You mentioned the titles Flow, Flower, and Monday Night Combat.

Let's look more closely at them.

Flow was a Flash game that started as a proof-of-concept for his masters degree thesis. He released the game on the web, started a company, got a half million users, and only after showing that the game could be a commercial success, it was moved to PSN. By all accounts it was a relatively small port, since the PS3 supports Flash.

But it cost money, and the three co-founders of the company entered into debt for it. It was a relatively low risk since they already had a half-million fans, but they still needed money to go with their existing hit.

The business plan you described does not start out as porting a game with a half-million existing players.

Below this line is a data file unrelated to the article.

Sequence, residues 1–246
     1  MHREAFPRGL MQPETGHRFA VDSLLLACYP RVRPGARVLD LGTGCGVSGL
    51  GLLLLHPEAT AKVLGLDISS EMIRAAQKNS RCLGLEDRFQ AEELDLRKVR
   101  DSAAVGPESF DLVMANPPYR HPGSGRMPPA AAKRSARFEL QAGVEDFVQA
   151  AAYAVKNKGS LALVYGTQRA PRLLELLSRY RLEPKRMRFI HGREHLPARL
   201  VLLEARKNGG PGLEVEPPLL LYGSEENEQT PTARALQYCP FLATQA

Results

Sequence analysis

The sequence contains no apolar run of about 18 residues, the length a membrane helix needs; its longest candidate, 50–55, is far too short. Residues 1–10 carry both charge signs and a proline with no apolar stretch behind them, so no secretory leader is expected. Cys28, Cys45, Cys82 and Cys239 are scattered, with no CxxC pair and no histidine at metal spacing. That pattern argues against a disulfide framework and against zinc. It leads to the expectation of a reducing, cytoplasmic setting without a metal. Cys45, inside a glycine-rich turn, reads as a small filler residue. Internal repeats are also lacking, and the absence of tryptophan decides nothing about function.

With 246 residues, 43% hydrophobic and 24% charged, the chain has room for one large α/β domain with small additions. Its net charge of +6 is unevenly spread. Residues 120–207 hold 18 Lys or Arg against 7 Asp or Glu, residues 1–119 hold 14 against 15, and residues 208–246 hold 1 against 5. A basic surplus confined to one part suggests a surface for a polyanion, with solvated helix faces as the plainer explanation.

Flower was their follow-up game. They were already licensed on PSN, which is where they already had the agreement from the first title. They had some cash reserves from the earlier success. The plan you described doesn't begin with a small previously licensed studio with a previous hit.



Monday Night Combat followed a more traditional route: A group of experienced industry veterans, most with 10+ years of industry experience, took a risk and started a small business. Two years (and a lot of debt) later, they released their first game. I've known several companies who did that.

On this route, the co-founders need to be prepared to get a second and third mortgage on their home to fund their studio, or a few people to be independently wealthy.